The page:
Voraussetzungen / Besonderes | This is an advanced level course that requires some basic background in machine learning. More importantly, students are expected to have a very solid mathematical foundation, including linear algebra, multivariate calculus, and probability. The course will make heavy use of mathematics and is not (!) meant to be an extended tutorial of how to train deep networks with tools like Torch or Tensorflow, although that may be a side benefit. The participation in the course is subject to the following conditions: 1) The number of participants is limited to 300 students (MSc and PhDs). 2) Students must have taken the exam in Machine Learning (252-0535-00) or have acquired equivalent knowledge, see exhaustive list below: Machine Learning https://ml2.inf.ethz.ch/courses/ml/ Computational Intelligence Lab http://da.inf.ethz.ch/teaching/2017/CIL/ Learning and Intelligent Systems https://las.inf.ethz.ch/teaching/lis-s17 Statistical Learning Theory http://ml2.inf.ethz.ch/courses/slt/ Computational Statistics https://stat.ethz.ch/education/semesters/ss2012/CompStat/sk.pdf Probabilistic Artificial Intelligence https://las.inf.ethz.ch/teaching/pai-f16 Data Mining: Learning from Large Data Sets https://las.inf.ethz.ch/teaching/dm-f16 | |||||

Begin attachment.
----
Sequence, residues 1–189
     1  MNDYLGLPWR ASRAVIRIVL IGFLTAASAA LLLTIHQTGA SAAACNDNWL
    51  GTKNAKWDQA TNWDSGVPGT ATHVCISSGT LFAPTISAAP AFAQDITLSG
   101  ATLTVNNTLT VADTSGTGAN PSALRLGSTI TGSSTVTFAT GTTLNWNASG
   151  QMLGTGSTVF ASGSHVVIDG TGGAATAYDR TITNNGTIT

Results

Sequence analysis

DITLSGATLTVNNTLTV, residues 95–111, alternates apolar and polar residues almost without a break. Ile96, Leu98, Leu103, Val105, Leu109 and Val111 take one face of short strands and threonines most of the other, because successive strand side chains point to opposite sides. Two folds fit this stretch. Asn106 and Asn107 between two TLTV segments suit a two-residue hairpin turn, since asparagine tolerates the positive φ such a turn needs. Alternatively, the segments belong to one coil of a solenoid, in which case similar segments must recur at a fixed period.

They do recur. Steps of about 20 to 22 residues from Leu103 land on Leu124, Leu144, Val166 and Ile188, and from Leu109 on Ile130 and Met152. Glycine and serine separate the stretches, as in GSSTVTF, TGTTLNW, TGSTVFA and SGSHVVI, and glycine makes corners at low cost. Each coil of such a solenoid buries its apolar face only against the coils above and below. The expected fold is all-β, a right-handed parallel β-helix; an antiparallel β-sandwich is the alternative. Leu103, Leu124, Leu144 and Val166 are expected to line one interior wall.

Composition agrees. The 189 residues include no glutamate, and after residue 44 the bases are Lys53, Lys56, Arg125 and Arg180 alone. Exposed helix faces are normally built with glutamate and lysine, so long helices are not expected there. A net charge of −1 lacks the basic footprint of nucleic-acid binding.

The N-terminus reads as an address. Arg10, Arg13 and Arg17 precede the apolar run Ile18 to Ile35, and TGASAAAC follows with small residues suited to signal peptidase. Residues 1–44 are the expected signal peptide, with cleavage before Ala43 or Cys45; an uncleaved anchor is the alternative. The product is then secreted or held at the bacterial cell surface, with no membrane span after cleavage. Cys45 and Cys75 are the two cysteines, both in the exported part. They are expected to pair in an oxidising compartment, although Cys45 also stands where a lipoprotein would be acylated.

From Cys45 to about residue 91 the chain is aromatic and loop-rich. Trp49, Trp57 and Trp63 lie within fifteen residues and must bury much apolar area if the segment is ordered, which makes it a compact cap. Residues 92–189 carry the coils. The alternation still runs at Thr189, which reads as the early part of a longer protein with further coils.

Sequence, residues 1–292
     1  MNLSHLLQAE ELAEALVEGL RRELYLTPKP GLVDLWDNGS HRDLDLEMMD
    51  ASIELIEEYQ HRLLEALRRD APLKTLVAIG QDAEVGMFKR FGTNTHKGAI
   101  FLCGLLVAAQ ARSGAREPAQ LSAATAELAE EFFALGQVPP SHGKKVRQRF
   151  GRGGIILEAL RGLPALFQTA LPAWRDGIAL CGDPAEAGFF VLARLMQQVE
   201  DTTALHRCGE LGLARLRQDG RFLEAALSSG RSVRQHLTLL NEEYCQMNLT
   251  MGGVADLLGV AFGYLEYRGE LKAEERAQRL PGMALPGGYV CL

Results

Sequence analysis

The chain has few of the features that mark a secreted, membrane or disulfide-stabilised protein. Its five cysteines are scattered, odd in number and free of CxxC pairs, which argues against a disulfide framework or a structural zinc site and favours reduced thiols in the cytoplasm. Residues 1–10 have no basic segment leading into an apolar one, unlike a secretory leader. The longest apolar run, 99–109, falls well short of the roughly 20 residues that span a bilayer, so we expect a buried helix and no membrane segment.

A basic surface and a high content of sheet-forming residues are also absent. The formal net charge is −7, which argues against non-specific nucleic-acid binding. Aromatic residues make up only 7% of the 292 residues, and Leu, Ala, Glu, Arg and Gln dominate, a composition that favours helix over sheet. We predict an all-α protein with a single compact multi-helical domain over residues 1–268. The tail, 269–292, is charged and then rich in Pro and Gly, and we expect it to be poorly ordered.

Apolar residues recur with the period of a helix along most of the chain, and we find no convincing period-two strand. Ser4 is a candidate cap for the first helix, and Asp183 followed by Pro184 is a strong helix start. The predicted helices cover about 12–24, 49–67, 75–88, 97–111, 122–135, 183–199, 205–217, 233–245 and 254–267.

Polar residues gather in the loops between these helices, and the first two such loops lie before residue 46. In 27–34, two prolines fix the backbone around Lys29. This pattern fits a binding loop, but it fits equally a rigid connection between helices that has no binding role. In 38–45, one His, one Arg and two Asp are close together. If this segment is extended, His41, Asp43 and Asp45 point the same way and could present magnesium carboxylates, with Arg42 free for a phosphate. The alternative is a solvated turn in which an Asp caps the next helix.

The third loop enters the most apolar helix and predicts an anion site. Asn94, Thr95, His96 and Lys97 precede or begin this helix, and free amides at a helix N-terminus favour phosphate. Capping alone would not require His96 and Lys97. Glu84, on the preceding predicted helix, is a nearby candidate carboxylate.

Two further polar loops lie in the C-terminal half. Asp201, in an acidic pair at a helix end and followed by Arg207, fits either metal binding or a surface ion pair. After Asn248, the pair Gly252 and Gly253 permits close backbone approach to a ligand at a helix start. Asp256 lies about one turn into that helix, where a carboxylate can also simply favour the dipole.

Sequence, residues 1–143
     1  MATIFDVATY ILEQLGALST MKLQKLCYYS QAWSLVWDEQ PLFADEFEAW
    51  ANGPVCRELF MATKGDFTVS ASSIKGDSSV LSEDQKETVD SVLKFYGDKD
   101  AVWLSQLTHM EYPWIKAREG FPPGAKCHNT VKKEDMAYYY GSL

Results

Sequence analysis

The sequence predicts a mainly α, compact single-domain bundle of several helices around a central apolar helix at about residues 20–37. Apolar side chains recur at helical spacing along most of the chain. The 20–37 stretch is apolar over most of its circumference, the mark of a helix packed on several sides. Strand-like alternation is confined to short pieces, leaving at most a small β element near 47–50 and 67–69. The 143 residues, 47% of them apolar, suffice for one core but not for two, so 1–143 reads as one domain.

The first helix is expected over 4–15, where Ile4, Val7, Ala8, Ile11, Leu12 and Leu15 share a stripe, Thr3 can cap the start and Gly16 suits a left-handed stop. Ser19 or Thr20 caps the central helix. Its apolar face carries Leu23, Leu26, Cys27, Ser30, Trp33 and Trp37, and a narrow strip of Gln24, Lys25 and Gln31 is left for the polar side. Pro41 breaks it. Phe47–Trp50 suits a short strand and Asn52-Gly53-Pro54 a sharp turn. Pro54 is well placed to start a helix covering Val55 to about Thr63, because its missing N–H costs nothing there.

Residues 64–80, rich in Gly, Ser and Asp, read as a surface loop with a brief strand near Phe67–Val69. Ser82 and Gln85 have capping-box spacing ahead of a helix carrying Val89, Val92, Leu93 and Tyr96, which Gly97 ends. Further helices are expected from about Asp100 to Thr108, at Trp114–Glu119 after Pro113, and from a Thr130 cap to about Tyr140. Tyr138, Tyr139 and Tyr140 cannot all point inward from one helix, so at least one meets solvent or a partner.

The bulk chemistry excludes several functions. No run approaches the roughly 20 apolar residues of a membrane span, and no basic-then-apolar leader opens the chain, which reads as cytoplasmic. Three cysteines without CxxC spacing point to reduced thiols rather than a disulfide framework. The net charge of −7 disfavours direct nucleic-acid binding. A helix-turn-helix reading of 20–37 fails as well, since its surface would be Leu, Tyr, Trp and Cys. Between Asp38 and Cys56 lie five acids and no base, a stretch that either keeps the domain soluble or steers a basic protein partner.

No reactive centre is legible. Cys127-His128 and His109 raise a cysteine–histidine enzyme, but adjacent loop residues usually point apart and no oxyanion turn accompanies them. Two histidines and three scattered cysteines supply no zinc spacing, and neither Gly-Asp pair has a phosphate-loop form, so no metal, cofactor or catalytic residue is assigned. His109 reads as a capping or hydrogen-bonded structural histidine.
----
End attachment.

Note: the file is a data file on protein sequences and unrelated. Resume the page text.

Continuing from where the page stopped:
263-3300-00L | Data Science Lab Maximale Teilnehmerzahl: 30. Im Masterstudium können zusätzlich zu den Vertiefungsübergreifenden Fächern nur max. 10 Kreditpunkte über Laboratorien erarbeitet werden. Weitere Laboratorien werden auf dem Beiblatt aufgeführt. | W | 10 KP | 9P | C. Zhang, K. Schawinski | |

Kurzbeschreibung | In this class, we bring together data science applications provided by ETH researchers outside computer science and teams of computer science master's students. Two to three students will form a team working on data science/machine learning-related research topics provided by scientists in a diverse range of domains such as astronomy, biology, social sciences etc. | |||||

Lernziel | The goal of this class if for students to gain experience of dealing with data science and machine learning applications "in the wild". Students are expected to go through the full process starting from data cleaning, modeling, execution, debugging, error analysis, and quality/performance refinement. Website: https://dslab.io | |||||

Voraussetzungen / Besonderes | Each student is required to send the lecturer their CV and transcript and the lecturer will decide the enrollment on a per-student basis. Moreover, the students are expected to have experience about machine learning and deep learning. EMAIL to send CV: ce.zhang@inf.ethz.ch | |||||

263-5200-00L | Data Mining: Learning from Large Data Sets | W | 4 KP | 2V + 1U | A. Krause, Y. Levy | |

Kurzbeschreibung | Many scientific and commercial applications require insights from massive, high-dimensional data sets. This courses introduces principled, state-of-the-art techniques from statistics, algorithms and discrete and convex optimization for learning from such large data sets. The course both covers theoretical foundations and practical applications. | |||||